Pricing Your Hotel Rooms with Confidence

By Ravneet Bhandari Chief Executive Officer, LodgIQ | May 07, 2017

Picture this: You're a revenue manager. You follow all the rules. And you're very diligent at it too. When setting the asked for room price for any specific day, you check your hotel's historical rate records, examine what your comp set is charging, and even notice that Beyonce is in town on that night, so you pump up the rate a few bucks more. Seems like the right thing to do, right?

After all, this is the way smart revenue managers and hotel operators have been setting rates for years, and its helped make hotels a lot of money. Particularly, in recent years for many global markets. How could it not be the right thing? Especially since many hotels are probably enjoying impressive revenue.

Yet, that's not the case at all. While you were out pricing hotel rooms with what you assured yourself was a full complement of confidence, the rules went ahead and changed. And with it, everything you thought you knew about perfect pricing evaporated.

To thrive today, we have to understand those procedures that helped us for years are no longer the holy grail in the way they once were and that industry, guests, and data applications have moved on.

Today, pricing with confidence means making decisions based on reams of previously undetectable information. Valuable data we never realized existed because it was invisible to us. We've had the illusion we've attained perfect pricing, but that wasn't the case at all. The good news is, though seemingly more complex, finding confidence in pricing is not as difficult as it seems at first blush.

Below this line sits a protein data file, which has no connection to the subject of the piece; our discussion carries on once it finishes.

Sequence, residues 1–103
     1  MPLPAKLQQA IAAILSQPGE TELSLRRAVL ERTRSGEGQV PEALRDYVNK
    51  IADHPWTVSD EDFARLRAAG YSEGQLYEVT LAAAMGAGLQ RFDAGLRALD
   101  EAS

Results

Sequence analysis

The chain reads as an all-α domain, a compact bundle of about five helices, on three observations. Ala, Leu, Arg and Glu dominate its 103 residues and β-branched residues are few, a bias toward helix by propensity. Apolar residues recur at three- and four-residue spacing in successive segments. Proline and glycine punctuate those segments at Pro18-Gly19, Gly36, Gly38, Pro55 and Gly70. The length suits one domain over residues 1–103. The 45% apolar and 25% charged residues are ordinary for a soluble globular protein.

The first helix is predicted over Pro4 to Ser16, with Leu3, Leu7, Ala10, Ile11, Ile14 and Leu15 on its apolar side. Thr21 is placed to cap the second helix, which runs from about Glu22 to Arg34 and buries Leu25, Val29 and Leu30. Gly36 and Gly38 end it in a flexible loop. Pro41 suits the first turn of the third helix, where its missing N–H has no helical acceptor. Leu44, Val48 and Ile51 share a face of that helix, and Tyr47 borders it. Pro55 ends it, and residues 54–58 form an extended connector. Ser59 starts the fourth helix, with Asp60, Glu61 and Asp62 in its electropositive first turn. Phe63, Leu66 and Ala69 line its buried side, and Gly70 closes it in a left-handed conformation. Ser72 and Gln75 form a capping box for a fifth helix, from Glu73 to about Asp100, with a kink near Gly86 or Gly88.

New Rules of Loyalty

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Eco-Friendly Practices: Corporate Social Responsibility

The hotel industry has undertaken a long-term effort to build more responsible and socially conscious businesses. What began with small efforts to reduce waste - such as paperless checkouts and refillable soap dispensers - has evolved into an international movement toward implementing sustainable development practices. In addition to establishing themselves as good corporate citizens, adopting eco-friendly practices is sound business for hotels. According to a recent report from Deloitte, 95% of business travelers believe the hotel industry should be undertaking “green” initiatives, and Millennials are twice as likely to support brands with strong management of environmental and social issues. Given these conclusions, hotels are continuing to innovate in the areas of environmental sustainability. For example, one leading hotel chain has designed special elevators that collect kinetic energy from the moving lift and in the process, they have reduced their energy consumption by 50%  over conventional elevators. Also, they installed an advanced air conditioning system which employs a magnetic mechanical system that makes them more energy efficient. Other hotels are installing Intelligent Building Systems which monitor and control temperatures in rooms, common areas and swimming pools, as well as ventilation and cold water systems. Some hotels are installing Electric Vehicle charging stations, planting rooftop gardens, implementing stringent recycling programs, and insisting on the use of biodegradable materials. Another trend is the creation of Green Teams within a hotel's operation that are tasked to implement earth-friendly practices and manage budgets for green projects. Some hotels have even gone so far as to curtail or eliminate room service, believing that keeping the kitchen open 24/7 isn't terribly sustainable. The May issue of the Hotel Business Review will document what some hotels are doing to integrate sustainable practices into their operations and how they are benefiting from them.